A private-sector competitor of the Federal Reserve's check clearing service has slashed its fees by about 19%, bringing them down to almost half those charged by the central bank.

The National Clearing House Association said the per-item price cuts point to the success of the upstart organization of achieving economies of scale.

The effort, a potential threat to the Fed's dominance in interbank check clearings, was officially, launched in the spring of 1992 when Huntington Banc-shares Inc., the Columbus, Ohio, company that spearheaded the effort, won permission from the Fed to provide settlement services for check clearings that would bypass the Fed.

|A Little Creativity'

The system, up and running for about a year, has 26 bank holding companies as members, and some have multiple subsidiaries participating.

"This shows that with a little creativity, and with banks working together, you don't have to spend much money in order to save a lot of money," said John Shain, president of Littlewood, Shain & Co. of Exton, Pa., which acts as consultant to the clearing house.

Some bank members will begin to save hundreds of thousands of dollars annually in 1994, Mr. Shain said.

One banker who participates in the clearing house and who requested anonymity said, "Every bank [in the group] is a little different, depending on how efficient their check operation was to begin with. We think we did a very good job, but we still are saving some money."

A Million Items Daily

The National Clearing House Association is clearing a million items a day, valued at up to $800 million, for 45 banks.

By January, the association expects to process $1 billion a day, Mr. Shain said.

The Fed still clears the majority of checks in the country. A Fed official said it processed 18 billion items in 1992, of which 40% were sent from one district to another.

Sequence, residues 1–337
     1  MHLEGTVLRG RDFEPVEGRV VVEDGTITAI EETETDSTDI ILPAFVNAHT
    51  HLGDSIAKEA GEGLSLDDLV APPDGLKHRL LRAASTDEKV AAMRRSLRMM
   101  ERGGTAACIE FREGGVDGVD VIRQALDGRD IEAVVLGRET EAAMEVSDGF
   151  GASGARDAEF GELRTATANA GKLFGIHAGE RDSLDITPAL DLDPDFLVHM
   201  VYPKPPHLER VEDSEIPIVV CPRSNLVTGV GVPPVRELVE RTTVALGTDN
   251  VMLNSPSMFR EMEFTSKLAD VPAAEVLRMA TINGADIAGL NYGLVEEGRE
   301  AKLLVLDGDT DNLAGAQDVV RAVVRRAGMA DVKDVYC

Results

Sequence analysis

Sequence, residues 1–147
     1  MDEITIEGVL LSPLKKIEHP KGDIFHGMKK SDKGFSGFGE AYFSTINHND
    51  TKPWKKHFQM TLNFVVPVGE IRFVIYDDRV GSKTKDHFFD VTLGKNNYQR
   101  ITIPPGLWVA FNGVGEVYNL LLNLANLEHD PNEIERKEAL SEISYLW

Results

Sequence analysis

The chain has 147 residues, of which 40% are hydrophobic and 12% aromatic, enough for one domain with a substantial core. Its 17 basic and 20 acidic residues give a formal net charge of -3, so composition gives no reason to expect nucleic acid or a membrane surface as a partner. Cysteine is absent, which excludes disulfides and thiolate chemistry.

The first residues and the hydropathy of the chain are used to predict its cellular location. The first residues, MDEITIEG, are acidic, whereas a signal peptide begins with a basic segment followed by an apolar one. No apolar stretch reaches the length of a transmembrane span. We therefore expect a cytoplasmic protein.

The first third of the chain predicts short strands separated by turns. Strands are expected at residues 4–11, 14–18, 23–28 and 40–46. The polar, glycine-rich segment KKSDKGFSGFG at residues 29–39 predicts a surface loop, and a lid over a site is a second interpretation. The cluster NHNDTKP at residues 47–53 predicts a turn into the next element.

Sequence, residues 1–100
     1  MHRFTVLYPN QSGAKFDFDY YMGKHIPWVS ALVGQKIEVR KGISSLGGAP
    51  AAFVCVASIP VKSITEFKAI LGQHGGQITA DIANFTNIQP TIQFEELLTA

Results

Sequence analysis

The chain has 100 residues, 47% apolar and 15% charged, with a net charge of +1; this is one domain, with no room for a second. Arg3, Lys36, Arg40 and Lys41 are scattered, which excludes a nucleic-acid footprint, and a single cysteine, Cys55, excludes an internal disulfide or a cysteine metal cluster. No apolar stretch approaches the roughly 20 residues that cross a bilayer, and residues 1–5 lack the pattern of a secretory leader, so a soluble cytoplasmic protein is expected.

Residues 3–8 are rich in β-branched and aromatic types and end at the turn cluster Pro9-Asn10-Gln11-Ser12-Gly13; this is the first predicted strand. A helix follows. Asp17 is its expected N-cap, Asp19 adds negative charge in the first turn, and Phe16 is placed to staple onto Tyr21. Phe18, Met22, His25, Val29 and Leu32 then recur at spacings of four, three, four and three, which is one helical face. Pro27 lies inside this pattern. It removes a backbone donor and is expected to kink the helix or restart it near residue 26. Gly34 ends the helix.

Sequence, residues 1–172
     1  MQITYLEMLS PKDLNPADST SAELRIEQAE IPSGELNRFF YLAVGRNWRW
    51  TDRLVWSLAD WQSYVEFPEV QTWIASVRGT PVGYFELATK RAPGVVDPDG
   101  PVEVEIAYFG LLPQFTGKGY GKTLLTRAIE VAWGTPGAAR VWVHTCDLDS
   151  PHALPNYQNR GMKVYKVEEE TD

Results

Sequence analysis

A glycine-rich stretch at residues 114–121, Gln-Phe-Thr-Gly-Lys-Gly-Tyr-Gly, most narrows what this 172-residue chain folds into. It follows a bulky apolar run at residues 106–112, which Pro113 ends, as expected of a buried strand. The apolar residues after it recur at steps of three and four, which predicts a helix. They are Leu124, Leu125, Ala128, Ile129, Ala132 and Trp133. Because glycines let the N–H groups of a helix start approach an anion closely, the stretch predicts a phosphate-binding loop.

The central bank handles about 50% of all interbank checks. and no competitor hat more than 3%, according to John P. Borden, president of the National Organization of Clearing Houses. Mr. Borden is also president of the Kansas City (Mo.) Clearing House Association and president of the region's automated clearing house, Mid-America Payment Exchange.

How the System Works

The National Clearing House Association operates in the following way in each major city where it has members, a bank is designated as the clearing agent for that city. That bank receives the checks for the city, sorts them, and delivers them to the appropriate bank.

Huntington runs a computer system that at the end of each day allocates netted payments for the items that have been presented.

Since the founding of the clearing house, Huntington has formed a separate subsidiary, Huntington Technology Inc., to handle the settlement services for the clearing house. U.S. Check, a courier service based in Columbus, Ohio, transports the checks.

According to the new fee structure, banks will pay on average 0.8 cent per item, compared with the Fed's average charge for "city" clearings of 1.5 cents per check.

In response to a service established the Fed in some cities last summer, the National Clearing House recently established a service for banks that have very high volumes of checks drawn on another member, and want to send these items directly to the other bank rather than commingled with items for other banks.

These fine-sorted "on-us" cash letters, drawn on other clearing house members, will cost a flat fee of $10, plus an additional $1 for each such cash letter sent. This service is also for items that are presented electronically, including those sent by Electronic Check Clearing House Organization members that are also members of the National Clearing House.

The clearing house also has introduced a settlement service in anticipation of same-day settlement regulations. These will require on Jan. 1 that banks stop charging any presentment fees for items that are received by 8 a.m. Member banks can continue to send commingled cash letters, rather than switch to more expensive fine-sorted cash letters, and not be charged a presentment fee.

The National Clearing House also voted to open its membership to smaller banks by lowering the minimum Tier 1 capital requirement for membership to $50 million from $100 million. Approval from the Fed is pending.

In the past, smaller banks have argued that the organization served the interests only of big banks.

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